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Porting Sudoku to Windows Phone 7

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By Fons Sonnemans, 4-7-2010

Last year I wrote a Sudoku using Silverlight 2. I'm now porting it to the Windows Phone 7. I started designing the UX. I decided to stick to the Metro design. It's really clean.

I'm using the ApplicationBar and Menu. I'm not totally sure which buttons to use. For now: pause, undo, redo and hint. I will have to create a ShakeTrigger which I will use to create a new game. I will have to postpone this until I have a real device to develop on. The accelerometer is hard to emulate.

I'm also planning to 'import' Sudoku's using the phone camera and OCR. But probably not in the first version.

I hope to show you a working version in a YouTube video soon. Come back later. All feedback is welcome on fons@reflectionit.nl

Cheers,

Fons

Touch Gesture Triggers for Windows Phone 7 projects in Blend 4.0

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By Fons Sonnemans, 4-6-2010

The Windows Phone 7 supports single and multi touch gestures. I have implemented the Tap, Double Tap and the Touch&Hold gestures using Triggers. You can use them to trigger an Action in Expression Blend.

You first have to reference the GestureTriggersLibrary. Then you add an Action to a control using the Behavior assets. Finally you change the TriggerType using the New button.

The following example has tree TextBlock controls on with a ChangePropertyAction attached to it. This action sets the Text of the red TextBlock (textBlockResult) using the Tap, Double Tap or Touch and Hold GestureTriggers.

There is also a Flick Gesture Trigger which is created by Jocelyn Villaraza. Expect to see more Behaviors, Actions and Triggers for the WP7 soon.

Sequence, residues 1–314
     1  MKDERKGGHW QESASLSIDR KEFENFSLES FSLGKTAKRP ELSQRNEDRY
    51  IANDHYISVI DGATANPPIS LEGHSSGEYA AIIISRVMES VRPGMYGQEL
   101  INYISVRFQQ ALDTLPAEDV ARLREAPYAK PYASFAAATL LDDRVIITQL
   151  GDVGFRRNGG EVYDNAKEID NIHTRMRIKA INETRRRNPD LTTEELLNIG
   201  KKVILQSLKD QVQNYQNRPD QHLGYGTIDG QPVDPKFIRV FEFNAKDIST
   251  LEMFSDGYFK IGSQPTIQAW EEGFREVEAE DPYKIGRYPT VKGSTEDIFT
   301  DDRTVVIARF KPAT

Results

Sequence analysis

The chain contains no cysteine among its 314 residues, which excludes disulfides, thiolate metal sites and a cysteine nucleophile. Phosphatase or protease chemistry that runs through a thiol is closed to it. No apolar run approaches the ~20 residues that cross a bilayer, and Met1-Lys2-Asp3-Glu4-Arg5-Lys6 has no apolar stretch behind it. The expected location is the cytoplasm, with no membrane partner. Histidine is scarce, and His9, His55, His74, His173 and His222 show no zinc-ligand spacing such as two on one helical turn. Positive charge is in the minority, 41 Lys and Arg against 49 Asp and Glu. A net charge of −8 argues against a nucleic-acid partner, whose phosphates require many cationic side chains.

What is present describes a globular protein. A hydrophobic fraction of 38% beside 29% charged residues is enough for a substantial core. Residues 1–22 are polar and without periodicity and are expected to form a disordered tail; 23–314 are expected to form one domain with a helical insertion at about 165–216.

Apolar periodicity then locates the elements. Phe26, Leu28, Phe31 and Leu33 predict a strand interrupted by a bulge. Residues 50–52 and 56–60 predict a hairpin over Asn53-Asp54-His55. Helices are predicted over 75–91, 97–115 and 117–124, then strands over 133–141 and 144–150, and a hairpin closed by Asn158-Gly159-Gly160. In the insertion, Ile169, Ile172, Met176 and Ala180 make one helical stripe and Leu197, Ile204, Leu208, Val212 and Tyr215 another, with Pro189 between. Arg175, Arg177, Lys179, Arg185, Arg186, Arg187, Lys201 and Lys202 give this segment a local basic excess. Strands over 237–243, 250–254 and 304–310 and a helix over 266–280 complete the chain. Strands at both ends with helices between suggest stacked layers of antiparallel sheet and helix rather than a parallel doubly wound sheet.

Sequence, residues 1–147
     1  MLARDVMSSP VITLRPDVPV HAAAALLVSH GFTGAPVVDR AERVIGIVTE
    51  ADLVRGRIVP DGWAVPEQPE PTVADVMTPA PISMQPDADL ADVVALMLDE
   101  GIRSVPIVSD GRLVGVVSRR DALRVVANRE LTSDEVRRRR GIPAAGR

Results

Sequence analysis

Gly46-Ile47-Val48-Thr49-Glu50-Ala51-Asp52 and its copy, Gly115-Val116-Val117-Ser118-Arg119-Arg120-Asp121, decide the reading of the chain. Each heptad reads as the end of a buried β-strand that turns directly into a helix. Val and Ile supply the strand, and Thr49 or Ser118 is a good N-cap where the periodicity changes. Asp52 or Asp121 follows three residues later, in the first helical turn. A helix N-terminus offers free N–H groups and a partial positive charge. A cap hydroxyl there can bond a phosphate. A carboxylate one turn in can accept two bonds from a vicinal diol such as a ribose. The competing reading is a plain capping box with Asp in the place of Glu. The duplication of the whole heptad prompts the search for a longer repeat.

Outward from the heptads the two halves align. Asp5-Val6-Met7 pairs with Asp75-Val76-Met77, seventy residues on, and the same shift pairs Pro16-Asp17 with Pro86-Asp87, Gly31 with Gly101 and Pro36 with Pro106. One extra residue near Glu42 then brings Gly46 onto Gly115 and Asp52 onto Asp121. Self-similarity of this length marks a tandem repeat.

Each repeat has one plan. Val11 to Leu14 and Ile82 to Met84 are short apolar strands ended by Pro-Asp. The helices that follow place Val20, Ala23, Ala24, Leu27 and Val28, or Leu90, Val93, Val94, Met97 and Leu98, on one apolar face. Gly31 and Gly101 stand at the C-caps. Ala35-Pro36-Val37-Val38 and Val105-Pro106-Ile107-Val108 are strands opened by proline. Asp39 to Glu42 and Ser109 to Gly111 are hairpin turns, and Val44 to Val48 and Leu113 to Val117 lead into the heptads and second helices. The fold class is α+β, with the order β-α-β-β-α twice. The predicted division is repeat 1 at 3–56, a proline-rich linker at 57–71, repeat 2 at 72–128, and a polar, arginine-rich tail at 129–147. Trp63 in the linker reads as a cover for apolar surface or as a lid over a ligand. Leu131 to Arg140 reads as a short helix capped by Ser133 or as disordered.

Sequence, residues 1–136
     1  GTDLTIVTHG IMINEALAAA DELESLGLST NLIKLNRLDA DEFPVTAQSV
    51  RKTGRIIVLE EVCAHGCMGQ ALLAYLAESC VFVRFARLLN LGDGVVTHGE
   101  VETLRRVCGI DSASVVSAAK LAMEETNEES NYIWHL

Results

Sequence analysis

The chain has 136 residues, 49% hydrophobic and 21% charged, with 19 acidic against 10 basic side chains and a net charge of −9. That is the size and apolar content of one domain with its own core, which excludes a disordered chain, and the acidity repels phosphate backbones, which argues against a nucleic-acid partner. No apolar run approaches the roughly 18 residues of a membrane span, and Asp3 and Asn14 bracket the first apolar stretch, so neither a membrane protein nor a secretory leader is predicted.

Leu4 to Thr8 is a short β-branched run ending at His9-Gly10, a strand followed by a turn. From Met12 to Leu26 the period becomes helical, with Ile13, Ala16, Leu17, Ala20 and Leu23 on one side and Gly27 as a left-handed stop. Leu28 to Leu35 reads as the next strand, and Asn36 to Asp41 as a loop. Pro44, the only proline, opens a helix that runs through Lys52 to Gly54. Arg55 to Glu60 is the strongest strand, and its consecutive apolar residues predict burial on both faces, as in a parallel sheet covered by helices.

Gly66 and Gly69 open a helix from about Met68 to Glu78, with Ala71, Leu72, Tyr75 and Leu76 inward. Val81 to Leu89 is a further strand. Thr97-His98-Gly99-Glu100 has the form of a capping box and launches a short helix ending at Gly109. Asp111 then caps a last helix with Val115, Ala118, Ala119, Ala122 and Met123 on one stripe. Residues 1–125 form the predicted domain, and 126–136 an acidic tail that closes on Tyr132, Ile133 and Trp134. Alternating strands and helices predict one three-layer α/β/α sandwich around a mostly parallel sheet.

You can download the April CTP sourcecode from here

Update 22-7-2010
The beta version doesn't support the IsTapEvent property on ManipulationCompletedEventArgs. I have fixed this using an extension method. You can download the Beta sourcecode from here.

Cheers,

Fons

Windows Phone 7 Training

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By Fons Sonnemans, 3-6-2010

Yesterday I attended the Windows Phone 7 Developer Hub. The quality of the sessions was very good. They had some phone prototypes which you could play with during the breaks. I had the chance to play with an LG Windows Phone! It looks and feels great. I can't wait to get one!

It really inspired me to develop a new training for it together with my friend Loek. We plan to finish the training by the time Microsoft releases the first builds which we can run on real phones.

The content of the training will be: 

  • Introduction: Windows Phone 7, Metro Design, Silverlight, XAML, Visual Studio 2010, Microsoft Expression Blend 4, Hardware, Emulator
  • Controls: Runtime Controls, 3rd Party Controls, Events, Fonts, Tips & Tricks
  • Graphics and Animations: Shapes, Brushes, PixelShader Effects, Resources, Transformations, Animations and storyboards, Key frames and Interpolation, Triggering and Programming Animations Methods, Tips & Tricks
  • UI Customization: Styling, Skinning (Templating), Styling and Skinning, Template Binding, Visual State Manager (VSM), Tips & Tricks
  • Data Binding: Element To Element Binding, StaticResource Binding, DataContext Binding, Binding to Collections, Blend Sample Data, MVVM, Converters, Data Validation, Data Annotations DataBinding from Code, DataGrid, Tips & Tricks